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Average credit card rate highest since 1996

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The average credit card rate has reached its highest point in decades, according to a recent survey from Bankrate.com.

Bankrate.com's survey on Wednesday found the average credit card rate hit a record high of 17.96%. That rate is up 3.5% from roughly a month ago and up 10.8% from a rate of 16.21% about a year ago, according to Bankrate.com.

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Wednesday's average rate marks the highest it has been since 1996, Bankrate.com said.

credit cards

Wednesday’s average credit card rate of 17.96% marks the highest it has been since 1996, according to Bankrate.com. (iStock / iStock)

"Federal Reserve Chairman Jerome Powell has made it clear that the Fed is not done raising rates — not by a long shot," Ted Rossman, a senior industry analyst at Bankrate.com, said in a statement.

Federal Reserve Chairman Jerome Powell indicated in a speech last week that the Fed would continue taking steps to bring the scorching hot inflation back closer to its 2% goal, which he said could bring "some pain to households and businesses." 

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"Almost all credit cards have variable rates which track the Prime Rate, which is three percentage points higher than the federal funds rate, which is set by the Federal Reserve," Rossman added. "So there's a direct pass-through from the Fed's actions to credit cardholders."

The Fed approved two back-to-back 75 basis point increases in June and July. Officials have suggested another interest rate hike is likely to occur later in September, and CME Group's FedWatch tool shows many traders expect the Fed to do a third 75 basis point hike when the committee meets.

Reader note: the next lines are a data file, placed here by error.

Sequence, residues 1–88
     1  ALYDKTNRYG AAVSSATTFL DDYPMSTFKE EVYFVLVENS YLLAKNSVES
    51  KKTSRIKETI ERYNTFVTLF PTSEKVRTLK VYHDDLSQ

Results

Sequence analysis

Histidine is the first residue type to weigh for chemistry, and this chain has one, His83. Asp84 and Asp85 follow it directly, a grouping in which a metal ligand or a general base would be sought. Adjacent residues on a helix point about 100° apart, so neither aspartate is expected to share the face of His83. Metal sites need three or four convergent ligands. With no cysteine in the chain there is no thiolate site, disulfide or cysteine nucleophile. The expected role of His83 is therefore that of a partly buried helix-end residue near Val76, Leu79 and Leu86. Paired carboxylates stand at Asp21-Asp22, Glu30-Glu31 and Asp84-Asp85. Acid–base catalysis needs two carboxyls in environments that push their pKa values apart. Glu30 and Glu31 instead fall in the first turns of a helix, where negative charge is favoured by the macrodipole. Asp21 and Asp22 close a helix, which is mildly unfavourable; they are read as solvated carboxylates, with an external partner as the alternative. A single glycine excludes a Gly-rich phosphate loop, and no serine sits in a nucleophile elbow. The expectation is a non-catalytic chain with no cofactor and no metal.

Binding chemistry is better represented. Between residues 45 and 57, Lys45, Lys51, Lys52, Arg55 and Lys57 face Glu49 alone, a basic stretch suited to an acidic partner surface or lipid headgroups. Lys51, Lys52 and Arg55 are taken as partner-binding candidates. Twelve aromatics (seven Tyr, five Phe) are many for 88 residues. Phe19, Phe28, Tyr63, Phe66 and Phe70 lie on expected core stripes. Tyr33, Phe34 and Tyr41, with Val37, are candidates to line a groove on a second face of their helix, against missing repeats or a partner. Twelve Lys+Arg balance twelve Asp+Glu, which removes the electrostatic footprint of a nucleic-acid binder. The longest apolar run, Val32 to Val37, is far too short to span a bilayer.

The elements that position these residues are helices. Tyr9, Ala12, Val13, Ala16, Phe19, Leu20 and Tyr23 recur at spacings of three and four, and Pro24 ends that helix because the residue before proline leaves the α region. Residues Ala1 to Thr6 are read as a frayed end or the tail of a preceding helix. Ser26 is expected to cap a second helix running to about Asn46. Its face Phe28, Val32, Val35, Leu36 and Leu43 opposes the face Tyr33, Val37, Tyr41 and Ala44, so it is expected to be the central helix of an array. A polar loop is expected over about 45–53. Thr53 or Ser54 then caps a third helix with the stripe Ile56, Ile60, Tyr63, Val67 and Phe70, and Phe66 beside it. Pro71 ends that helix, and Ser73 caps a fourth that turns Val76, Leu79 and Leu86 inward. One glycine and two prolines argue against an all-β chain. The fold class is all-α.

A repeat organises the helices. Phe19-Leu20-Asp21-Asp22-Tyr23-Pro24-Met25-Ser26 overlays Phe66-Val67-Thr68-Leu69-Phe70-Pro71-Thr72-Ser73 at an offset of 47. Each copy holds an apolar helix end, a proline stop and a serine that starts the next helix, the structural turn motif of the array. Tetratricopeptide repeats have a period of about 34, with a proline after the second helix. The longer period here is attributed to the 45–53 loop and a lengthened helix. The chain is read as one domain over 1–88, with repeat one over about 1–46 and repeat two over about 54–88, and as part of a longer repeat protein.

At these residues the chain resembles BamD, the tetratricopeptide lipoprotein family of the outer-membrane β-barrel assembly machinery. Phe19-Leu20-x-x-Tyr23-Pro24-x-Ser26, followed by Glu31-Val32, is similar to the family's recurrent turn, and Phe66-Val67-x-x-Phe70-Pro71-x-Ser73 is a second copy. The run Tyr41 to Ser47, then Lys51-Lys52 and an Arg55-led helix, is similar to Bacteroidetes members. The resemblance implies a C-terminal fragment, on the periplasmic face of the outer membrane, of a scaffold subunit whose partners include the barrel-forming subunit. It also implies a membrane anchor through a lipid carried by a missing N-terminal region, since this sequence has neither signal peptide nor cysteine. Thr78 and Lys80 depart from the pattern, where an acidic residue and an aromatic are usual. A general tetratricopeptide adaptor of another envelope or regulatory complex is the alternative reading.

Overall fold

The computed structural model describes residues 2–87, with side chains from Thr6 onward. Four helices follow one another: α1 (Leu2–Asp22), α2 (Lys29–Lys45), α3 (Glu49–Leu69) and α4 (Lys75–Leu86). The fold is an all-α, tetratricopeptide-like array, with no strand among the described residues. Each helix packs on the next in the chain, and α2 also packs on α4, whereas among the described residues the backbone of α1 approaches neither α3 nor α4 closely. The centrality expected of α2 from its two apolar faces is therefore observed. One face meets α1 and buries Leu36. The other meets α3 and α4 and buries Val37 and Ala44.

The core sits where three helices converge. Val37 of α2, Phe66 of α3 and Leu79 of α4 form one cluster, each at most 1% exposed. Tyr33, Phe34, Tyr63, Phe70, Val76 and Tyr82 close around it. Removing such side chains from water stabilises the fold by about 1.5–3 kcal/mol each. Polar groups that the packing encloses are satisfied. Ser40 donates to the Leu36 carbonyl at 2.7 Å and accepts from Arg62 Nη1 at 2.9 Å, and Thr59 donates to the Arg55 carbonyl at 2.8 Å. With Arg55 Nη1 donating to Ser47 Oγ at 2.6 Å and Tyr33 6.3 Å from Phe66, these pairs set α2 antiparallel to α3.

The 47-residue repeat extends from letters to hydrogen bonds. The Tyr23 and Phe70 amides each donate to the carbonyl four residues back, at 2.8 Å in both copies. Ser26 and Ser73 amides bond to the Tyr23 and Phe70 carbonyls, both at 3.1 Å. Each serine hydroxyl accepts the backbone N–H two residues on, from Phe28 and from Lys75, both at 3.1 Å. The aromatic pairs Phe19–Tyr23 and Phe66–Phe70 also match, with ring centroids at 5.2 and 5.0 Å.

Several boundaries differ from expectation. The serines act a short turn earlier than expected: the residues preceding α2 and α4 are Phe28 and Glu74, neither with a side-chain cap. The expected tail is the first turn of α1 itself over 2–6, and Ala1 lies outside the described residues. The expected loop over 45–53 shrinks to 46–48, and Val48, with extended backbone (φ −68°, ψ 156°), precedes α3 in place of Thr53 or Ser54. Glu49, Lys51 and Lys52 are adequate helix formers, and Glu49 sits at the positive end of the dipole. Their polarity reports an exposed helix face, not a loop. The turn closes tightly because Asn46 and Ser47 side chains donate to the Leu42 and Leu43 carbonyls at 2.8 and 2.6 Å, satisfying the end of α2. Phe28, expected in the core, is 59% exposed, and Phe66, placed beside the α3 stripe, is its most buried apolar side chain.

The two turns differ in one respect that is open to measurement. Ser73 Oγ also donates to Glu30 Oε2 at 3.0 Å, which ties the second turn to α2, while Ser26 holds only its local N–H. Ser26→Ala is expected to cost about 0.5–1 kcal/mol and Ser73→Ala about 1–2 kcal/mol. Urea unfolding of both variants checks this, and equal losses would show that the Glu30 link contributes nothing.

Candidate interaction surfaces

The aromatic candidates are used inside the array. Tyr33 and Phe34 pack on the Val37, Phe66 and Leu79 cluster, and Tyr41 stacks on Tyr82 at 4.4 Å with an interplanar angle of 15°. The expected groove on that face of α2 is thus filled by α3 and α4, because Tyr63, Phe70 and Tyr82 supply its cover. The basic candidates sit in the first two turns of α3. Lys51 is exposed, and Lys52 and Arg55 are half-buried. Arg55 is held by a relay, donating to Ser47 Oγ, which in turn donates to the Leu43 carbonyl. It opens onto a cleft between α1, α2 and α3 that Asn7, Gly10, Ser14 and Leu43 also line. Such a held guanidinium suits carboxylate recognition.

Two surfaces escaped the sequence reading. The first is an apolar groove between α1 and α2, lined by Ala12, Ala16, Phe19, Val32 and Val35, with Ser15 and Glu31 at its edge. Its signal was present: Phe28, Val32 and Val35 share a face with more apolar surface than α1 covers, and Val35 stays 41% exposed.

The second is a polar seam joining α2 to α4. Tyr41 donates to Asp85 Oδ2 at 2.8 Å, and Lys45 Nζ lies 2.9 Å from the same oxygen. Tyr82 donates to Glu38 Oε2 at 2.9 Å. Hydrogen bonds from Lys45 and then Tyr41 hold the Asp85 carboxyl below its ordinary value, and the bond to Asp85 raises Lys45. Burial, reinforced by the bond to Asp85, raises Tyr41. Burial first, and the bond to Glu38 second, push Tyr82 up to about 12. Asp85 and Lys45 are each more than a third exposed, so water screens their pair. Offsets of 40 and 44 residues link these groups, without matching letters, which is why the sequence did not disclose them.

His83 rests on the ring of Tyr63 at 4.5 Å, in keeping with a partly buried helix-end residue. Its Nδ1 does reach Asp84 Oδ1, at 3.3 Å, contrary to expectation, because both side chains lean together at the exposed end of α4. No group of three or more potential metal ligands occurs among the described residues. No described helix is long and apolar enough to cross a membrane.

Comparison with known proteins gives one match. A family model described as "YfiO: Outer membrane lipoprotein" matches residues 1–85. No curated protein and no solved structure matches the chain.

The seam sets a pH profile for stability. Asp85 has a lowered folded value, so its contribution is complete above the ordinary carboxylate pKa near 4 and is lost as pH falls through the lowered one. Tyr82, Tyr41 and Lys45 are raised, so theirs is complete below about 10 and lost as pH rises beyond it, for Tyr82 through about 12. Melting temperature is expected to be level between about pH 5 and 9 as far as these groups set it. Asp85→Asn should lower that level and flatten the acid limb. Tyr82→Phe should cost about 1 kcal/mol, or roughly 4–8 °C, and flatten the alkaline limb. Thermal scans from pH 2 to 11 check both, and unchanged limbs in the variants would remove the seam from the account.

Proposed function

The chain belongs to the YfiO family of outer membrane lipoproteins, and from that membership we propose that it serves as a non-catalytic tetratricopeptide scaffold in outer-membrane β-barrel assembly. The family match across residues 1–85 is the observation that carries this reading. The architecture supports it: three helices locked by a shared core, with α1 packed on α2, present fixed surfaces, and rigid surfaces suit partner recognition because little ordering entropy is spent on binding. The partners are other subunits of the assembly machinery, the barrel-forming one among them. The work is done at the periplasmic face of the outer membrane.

To avoid paying more on your credit card balance, Ted Rossman, a senior industry analyst at Bankrate.com, suggests the best practice is to “pay way more than the minimum” each month. (iStock / iStock)

"Rate hikes generally affect new and existing balances, so most credit cardholders are currently facing rates that are 225 basis points higher than they were just six months ago," Rossman said, adding that there's a "significant cumulative effect to these rate hikes."

To avoid paying more on your credit card balance, Rossman suggests the best practice is to "pay way more than the minimum" each month.

"Pay it all if you can," Rossman said. "If that's not possible, forget about chasing rewards and seek the lowest interest rate possible. There are 0% balance transfer offers that last as long as 21 months."

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The Federal Reserve Bank of New York's Quarterly Report on Household Debt and Credit released in early August found credit card debt held by U.S. households increased by 13% on an annualized basis in the second quarter of 2022. That increase marked the steepest jump since 1999.

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